The change in assistant directors and other assorted crew certainly explains some of The Snowman’s weirder moments. Michael Fassbender’s detective hero, Harry Hole, has an entirely different haircut in at least one scene. There are entire plot threads that are established but never really go anywhere of particular importance. It’s shown early on that Hole’s flat is in as tired and degenerative a state as its boozy owner, and a mould specialist turns up to fix its terminal damp problem. Later, the Snowman killer appears to sneak into Hole’s flat, posing as the mould specialist – something we have revealed to us when the real mould specialist sees the disguised figure walking away from the building. The mould specialist is never seen again, and this minor yet well-established strand is never returned to.
Likewise the story of Arve Stop, the seedy industrialist played by JK Simmons. For a while, this sleazy character appears to have an arc worth following, particularly when detective sidekick Katrine Bratt (Rebecca Ferguson) goes to extreme lengths to investigate him as part of the Snowman killings. That Stop turns out to be a red herring is one thing; it’s curious that such a despicable, unpleasant character simply vanishes from the story without any comeuppance or satisfying resolution. Similarly, Ferguson’s character, whose path takes a far different turn in Nesbo’s book, meets a curiously abrupt end in Alfredson’s movie.
Dangling threads aside, The Snowman comes loaded with a number of baffling creative decisions that provide a source of numerous unintended laughs. Why bother having Chloe Sevigny show up to play her own twin sister for one solitary, borderline hilarious scene? Whose idea was it to have a jangling burst of music akin to The Twilight Zone‘s soundtrack as the camera pushes in on a prosthetic Sevigny head mounted on the body of a snowman? Whose idea was it to make those mobile police computers so big and chunky, like one of those terrible Amstrad Emailers from 10 years ago? Who signed off on the fully-clothed, non-sex scene between Fassbender and Charlotte Gainsbourg? Why was it cut to the haunting strains of Sigur Ros? What’s with the use of the infamous novelty record, Popcorn, possibly one of the worst pieces of music ever conceived?
The Snowman is so full of head-scratching filmmaking choices that your humble writer’s post-screening notes are simply filled with hastily-scrawled observations. In one early scene, Fassbender pulls a gun on the mould specialist mentioned above. The mould specialist doesn’t flinch, or look at the gun, or gently ask Fassbender to stop pointing the gun at him.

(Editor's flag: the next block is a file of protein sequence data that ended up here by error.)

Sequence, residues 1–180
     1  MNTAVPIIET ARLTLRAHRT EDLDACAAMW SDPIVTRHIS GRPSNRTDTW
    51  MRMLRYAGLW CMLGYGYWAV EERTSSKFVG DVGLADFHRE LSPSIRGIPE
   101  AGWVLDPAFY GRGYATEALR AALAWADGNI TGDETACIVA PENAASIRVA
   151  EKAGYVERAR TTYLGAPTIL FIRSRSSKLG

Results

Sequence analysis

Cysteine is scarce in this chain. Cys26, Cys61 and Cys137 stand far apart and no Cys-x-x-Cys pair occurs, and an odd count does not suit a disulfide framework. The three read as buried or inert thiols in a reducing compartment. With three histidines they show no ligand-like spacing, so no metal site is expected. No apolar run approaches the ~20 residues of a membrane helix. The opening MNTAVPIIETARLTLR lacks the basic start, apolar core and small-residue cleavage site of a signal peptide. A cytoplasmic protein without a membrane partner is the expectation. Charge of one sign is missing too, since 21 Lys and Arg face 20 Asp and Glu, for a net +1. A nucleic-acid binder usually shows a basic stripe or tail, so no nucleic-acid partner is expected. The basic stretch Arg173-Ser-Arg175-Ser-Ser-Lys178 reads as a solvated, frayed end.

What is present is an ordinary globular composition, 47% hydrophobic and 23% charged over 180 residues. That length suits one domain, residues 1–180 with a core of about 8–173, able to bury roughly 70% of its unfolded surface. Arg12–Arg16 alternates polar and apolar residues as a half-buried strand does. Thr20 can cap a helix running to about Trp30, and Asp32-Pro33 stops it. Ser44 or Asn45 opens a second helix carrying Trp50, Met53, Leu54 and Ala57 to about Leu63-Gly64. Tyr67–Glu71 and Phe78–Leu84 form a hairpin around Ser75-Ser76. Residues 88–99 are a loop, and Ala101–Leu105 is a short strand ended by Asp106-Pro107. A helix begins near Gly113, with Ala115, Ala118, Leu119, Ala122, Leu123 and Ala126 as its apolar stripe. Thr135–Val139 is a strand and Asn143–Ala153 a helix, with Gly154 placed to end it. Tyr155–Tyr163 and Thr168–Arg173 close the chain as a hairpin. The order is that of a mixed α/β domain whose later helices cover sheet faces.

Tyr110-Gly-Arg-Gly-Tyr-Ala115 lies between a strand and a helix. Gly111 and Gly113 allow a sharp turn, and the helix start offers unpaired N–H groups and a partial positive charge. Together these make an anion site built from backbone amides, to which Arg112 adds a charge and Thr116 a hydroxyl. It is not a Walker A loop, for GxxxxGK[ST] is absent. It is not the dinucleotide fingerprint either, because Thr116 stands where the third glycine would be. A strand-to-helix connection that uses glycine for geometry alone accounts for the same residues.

Later, Fassbender has a flashback to an incident that his character didn’t even witness. Chloe Sevigny, standing in a chicken shed with an axe in her hand, is oblivious to the black-clad murderer walking right behind her. Then there’s an upsettingly ill-looking Val Kilmer, whose dialogue is obviously and very badly looped in after the fact. There’s an entire story behind his part in the movie alone, we suspect.
Kilmer’s casting is emblematic of a movie with a stunning extended cast – Toby Jones, Simmons, Gainsbourg, Anne Reid, even Line Of Duty’s Adrian Dunbar, who looks and sounds exactly like Hastings out of Line Of Duty – but no real idea what to do with them. Why bother even flying an actor as good as Toby Jones all the way to Norway for one, solitary scene? The casting’s also emblematic of a film with production values but little in the way of finesse; the Norwegian scenery looks cool and minimal, but the story plods along on a rickety bridge of clumsy dialogue and flat exposition.
By the conclusion, in which a thoroughly fed-up looking Charlotte Gainsbourg is tied up in a shed by the killer and Fassbender stands in the middle of an icy lake, shouting, the audience had begun tittering awkwardly. It’ll be a few years, we should think, before the full behind-the-scenes story of The Snowman emerges. But until then, the movie stands as one of the most unintentionally amusing mystery thrillers of the past decade.
In a featurette put out shortly before The Snowman‘s release, Tomas Aldredson had this to say: “I would like people to react physically. To get scared, or to laugh, or to sweat. That’s when you know you’ve succeeded.”
Well, one out of three isn’t bad, we guess.